An OpenAI spokeswoman said the lab recognized that its programs could be used to trick people and was developing technology to help people identify text generated by ChatGPT.

At many universities, ChatGPT has now jumped to the top of the agenda. Administrators are setting up working groups and hosting university-wide discussions to respond to the tool, with much of the guidance on adapting to the technology.

At schools like George Washington University in Washington, DC, Rutgers University in New Brunswick, NJ, and Appalachian State University in Boone, NC, teachers are phasing out open-book take-home assignments, which are became a dominant method of assessment in the pandemic, but now they seem vulnerable to chatbots. Instead, they are opting for in-class assignments, handwritten papers, group work, and oral exams.

Gone are prompts like “write five pages about this or that.” Instead, some teachers are crafting questions they hope are too smart for chatbots, asking students to write about their own lives and current events.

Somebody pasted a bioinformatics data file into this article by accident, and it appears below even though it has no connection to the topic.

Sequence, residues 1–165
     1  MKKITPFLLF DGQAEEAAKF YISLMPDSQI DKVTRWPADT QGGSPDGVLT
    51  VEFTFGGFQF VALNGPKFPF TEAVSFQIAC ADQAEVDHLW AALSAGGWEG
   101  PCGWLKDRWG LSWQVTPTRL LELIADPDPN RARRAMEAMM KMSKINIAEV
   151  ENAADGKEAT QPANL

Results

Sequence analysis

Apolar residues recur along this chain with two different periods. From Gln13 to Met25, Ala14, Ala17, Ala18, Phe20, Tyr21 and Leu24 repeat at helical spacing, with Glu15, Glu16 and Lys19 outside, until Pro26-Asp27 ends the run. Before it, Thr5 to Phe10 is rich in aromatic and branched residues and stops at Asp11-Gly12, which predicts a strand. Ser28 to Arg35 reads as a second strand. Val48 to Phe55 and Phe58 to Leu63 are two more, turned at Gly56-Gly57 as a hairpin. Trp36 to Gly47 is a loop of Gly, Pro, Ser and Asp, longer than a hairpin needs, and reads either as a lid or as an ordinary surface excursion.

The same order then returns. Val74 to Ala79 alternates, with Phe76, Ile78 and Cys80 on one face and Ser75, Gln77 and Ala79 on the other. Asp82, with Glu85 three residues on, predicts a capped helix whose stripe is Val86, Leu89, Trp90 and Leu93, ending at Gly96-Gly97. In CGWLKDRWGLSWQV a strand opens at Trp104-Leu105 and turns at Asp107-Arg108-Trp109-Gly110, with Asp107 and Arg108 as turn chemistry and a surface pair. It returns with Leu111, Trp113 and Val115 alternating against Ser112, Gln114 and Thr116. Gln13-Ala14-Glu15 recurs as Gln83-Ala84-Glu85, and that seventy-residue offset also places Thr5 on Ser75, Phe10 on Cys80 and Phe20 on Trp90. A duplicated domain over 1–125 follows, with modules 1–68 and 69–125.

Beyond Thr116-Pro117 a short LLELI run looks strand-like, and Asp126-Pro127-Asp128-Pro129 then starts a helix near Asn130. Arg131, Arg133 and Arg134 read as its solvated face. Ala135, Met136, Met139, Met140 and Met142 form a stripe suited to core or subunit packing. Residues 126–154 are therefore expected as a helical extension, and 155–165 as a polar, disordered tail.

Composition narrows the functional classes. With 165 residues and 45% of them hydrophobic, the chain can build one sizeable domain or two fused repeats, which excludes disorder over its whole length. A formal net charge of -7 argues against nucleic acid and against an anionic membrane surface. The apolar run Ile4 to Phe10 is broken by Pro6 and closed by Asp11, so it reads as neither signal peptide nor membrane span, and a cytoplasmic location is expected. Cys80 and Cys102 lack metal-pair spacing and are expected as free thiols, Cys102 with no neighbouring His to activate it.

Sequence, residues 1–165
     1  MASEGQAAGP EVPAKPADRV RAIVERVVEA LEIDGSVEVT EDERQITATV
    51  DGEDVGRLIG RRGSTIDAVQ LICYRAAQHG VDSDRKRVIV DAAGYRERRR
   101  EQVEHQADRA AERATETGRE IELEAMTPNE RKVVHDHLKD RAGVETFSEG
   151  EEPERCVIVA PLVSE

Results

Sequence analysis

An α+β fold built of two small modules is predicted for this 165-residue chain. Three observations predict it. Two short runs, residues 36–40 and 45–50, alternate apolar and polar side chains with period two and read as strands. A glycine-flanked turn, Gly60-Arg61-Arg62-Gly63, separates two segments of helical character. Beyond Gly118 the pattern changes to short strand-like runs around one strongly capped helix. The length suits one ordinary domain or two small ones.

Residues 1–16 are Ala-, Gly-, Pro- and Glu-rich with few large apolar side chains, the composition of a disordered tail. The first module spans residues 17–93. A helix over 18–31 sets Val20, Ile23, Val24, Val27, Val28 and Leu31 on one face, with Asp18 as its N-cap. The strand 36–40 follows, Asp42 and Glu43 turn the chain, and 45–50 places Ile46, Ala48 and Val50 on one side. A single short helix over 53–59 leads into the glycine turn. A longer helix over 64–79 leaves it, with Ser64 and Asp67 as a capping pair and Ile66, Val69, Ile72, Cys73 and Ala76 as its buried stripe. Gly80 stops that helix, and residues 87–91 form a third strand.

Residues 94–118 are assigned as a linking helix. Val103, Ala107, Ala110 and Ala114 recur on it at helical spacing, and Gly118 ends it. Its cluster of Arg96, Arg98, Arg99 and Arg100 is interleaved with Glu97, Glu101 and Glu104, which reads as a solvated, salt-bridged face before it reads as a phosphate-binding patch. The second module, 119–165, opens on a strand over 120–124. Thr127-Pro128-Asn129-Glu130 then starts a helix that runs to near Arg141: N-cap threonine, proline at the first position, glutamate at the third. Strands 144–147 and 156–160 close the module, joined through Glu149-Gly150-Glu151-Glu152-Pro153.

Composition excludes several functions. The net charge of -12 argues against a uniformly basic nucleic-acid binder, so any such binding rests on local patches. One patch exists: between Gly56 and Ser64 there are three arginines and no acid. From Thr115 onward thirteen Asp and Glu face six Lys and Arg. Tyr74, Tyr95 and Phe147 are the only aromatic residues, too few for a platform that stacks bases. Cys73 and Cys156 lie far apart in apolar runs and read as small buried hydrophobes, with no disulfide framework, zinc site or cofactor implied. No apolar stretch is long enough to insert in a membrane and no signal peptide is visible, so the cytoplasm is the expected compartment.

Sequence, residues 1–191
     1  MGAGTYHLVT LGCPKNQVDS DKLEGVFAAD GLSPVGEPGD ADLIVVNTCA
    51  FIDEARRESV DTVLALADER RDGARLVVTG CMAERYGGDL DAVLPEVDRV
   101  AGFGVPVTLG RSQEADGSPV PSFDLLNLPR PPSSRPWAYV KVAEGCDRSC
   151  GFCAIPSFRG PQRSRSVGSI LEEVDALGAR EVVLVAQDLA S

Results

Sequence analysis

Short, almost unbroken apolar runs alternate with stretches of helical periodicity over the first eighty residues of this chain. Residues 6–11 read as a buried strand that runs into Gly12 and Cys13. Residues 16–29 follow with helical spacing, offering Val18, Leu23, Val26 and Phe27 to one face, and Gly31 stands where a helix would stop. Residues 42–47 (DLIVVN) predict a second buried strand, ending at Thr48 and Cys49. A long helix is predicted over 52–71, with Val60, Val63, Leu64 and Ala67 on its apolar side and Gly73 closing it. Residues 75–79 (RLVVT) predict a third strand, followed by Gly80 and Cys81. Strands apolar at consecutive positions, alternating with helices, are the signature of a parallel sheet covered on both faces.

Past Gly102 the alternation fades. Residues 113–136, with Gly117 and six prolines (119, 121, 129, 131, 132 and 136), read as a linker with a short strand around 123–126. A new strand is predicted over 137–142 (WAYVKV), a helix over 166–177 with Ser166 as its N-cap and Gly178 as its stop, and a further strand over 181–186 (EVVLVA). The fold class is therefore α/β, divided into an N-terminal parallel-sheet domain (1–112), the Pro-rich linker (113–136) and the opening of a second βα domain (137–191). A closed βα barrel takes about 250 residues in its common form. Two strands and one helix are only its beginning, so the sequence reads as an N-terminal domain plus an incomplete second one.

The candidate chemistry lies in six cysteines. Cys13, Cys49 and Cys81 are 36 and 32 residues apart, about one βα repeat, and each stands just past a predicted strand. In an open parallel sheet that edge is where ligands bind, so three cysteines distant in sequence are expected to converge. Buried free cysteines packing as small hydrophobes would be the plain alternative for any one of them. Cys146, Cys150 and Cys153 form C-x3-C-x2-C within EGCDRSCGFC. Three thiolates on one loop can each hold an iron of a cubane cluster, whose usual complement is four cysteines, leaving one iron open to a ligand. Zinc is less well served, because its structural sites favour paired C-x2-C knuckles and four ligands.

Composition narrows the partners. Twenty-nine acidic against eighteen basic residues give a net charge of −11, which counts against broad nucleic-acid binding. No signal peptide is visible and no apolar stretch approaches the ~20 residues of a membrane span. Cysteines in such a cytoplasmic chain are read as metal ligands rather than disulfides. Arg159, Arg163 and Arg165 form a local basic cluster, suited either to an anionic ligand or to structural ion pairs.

Students are “plagiarizing this because assignments can be plagiarized,” said Sid Dobrin, chair of the English department at the University of Florida.

Frederick Luis Aldama, a professor of humanities at the University of Texas at Austin, said he planned to teach newer or specialized texts that ChatGPT might have less information about, such as William Shakespeare’s early sonnets instead of “A Midsummer Night’s Dream.” “.

The chatbot can motivate “people who lean towards canonical primary texts to reach beyond their comfort zones for things that are offline,” he said.